UK’s Raab says unacceptable for Russian intelligence services to target COVID-19 work

Britain’s Foreign Secretary Dominic Raab arrives at Downing Street ahead of a cabinet meeting in London, Britain, July 14, 2020. (Reuters)
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Updated 16 July 2020

UK’s Raab says unacceptable for Russian intelligence services to target COVID-19 work

  • Raab’s comments come after Britain also accused Russia on Thursday of trying to interfere in its 2019 general election

LONDON: British foreign minister Dominic Raab on Thursday added to condemnation from the US and Canada and said it was completely unacceptable for Russian intelligence services to target research on the COVID-19 pandemic.

Intelligence agencies in the three nations alleged that the hacking group APT29, also known as Cozy Bear and said to be part of the Russian intelligence services, is attacking academic and pharmaceutical research institutions involved in coronavirus 9 vaccine development.

“It is completely unacceptable that the Russian Intelligence Services are targeting those working to combat the coronavirus pandemic,” Raab said, following a joint statement by British Canadian and US cybersecurity services.

“While others pursue their selfish interests with reckless behavior, the UK and its allies are getting on with the hard work of finding a vaccine and protecting global health.

“The UK will continue to counter those conducting such cyberattacks, and work with our allies to hold perpetrators to account.”

Russian President Vladimir Putin’s spokesman, Dmitry Peskov, rejected the British accusations, saying: “We don’t have information about who may have hacked pharmaceutical companies and research centers in Britain."

“We may say one thing: Russia has nothing to do with those attempts,” Peskov said, according to the state news agency Tass.

Raab’s comments come after Britain also accused Russia on Thursday of trying to interfere in its 2019 general election by illicitly acquiring sensitive documents relating to a planned free trade agreement with Washington and leaking them online.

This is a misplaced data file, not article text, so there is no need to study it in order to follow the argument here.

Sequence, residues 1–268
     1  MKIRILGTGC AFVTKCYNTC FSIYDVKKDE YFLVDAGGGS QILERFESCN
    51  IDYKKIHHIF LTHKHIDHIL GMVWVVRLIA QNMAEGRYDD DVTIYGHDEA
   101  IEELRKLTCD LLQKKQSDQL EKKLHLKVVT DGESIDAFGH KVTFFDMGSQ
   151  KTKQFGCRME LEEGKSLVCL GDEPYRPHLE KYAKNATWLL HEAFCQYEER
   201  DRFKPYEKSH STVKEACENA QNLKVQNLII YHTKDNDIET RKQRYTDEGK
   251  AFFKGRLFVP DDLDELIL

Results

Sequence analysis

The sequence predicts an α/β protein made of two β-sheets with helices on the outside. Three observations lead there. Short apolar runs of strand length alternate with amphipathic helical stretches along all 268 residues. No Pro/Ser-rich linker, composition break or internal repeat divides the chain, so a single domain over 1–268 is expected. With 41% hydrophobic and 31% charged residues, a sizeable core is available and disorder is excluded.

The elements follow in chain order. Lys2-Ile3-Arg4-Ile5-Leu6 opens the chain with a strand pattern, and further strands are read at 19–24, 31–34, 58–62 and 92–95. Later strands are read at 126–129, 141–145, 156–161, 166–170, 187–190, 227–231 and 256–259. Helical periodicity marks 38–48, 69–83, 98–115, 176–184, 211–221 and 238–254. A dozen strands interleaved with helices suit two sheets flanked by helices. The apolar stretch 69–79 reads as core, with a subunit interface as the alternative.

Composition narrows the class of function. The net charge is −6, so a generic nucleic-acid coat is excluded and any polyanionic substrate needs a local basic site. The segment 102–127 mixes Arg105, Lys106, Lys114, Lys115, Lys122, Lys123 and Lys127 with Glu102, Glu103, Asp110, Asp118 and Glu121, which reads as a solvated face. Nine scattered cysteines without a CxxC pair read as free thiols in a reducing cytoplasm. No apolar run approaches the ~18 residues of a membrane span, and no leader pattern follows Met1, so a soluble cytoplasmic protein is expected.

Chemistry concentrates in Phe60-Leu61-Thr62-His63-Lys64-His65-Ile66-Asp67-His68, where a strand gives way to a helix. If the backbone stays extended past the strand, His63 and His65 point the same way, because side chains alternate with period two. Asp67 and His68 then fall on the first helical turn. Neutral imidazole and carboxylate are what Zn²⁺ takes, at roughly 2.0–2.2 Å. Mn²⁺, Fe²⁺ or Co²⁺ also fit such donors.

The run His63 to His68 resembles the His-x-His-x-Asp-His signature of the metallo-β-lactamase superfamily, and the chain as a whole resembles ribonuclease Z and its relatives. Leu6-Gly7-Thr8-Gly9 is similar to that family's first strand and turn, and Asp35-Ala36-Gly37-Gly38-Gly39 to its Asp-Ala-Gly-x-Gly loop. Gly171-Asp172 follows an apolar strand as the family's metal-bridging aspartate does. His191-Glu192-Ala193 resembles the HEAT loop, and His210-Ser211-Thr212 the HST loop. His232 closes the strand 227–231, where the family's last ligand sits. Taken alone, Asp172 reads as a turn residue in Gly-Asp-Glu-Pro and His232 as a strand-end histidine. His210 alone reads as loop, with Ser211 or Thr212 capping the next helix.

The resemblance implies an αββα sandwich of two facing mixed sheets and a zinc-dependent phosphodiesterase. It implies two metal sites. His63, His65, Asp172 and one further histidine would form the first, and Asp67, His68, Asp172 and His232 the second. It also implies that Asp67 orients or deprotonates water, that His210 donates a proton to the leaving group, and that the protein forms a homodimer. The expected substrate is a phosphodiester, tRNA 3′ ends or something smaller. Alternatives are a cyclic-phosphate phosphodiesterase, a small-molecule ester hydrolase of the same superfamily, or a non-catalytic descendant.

In response, a senior Russian lawmaker said the allegations were “anti-Russian nonsense” and undermined UK-Russia relations.

 

 


Medical reservists to the rescue as Manila steps up virus battle

Updated 11 August 2020

Medical reservists to the rescue as Manila steps up virus battle

  • 3,000 personnel face call-up amid warnings country is losing COVID-19 war

MANILA: The Philippines is considering calling up more than 3,000 military medical reservists to help in the battle against the coronavirus pandemic.

The move comes as a rising number of infections threatens to overwhelm the country’s struggling health care system. 

Defense Secretary Delfin Lorenzana said that a list had been drawn up of of 380 doctors and nurses, as well as 3,000 reservists with medical training who can be mobilized to help COVID-19 patients.

In a televised interview, Lorenzana said talks on calling up medical reservists took place at a meeting with President Rodrigo Duterte last week after warnings of a shortage of medical personnel in Manila.

He said the message from medical groups that staff were overwhelmed and exhausted sent a “distress signal to the nation.”

Hospital staff also warned that the country “is waging a losing battle against COVID-19.”

“We have medical reserves. All we have to do is find out where they are now,” Lorenzana said.

“As of last week we were able to get about 380 doctors and nurses, plus about 3,000 other medical personnel, including medical aides and medical technicians,” he added.

If the plan to mobilize medical reservists is pushed through, the defense department will deploy them to help in Manila and other areas with high rates of COVID-19 infection.

The defense secretary said he is confident many of the reservists will respond once they are called to duty.

Asked if the defense department has a timetable for their deployment, Lorenzana said: “We have to process them, but first we will have to get a go signal from the Department of Budget and Management because we need money to mobilize these people. We have to pay their salary and allowances.

“I have directed the Philippines armed forces to estimate how much we money we need,” he said.

Last week Duterte ordered a strict quarantine to be reimposed in capital and surrounding provinces until Aug. 18.

He said this will give the government time to refine its pandemic strategies and offer a “breather” to exhausted front-line workers.

Under the curfew people will be restricted to essential travel and mass transport will be closed.

As of Monday, the Philippines had recorded 129,913 COVID-19 cases, with 67,673 recoveries and 2,270 deaths.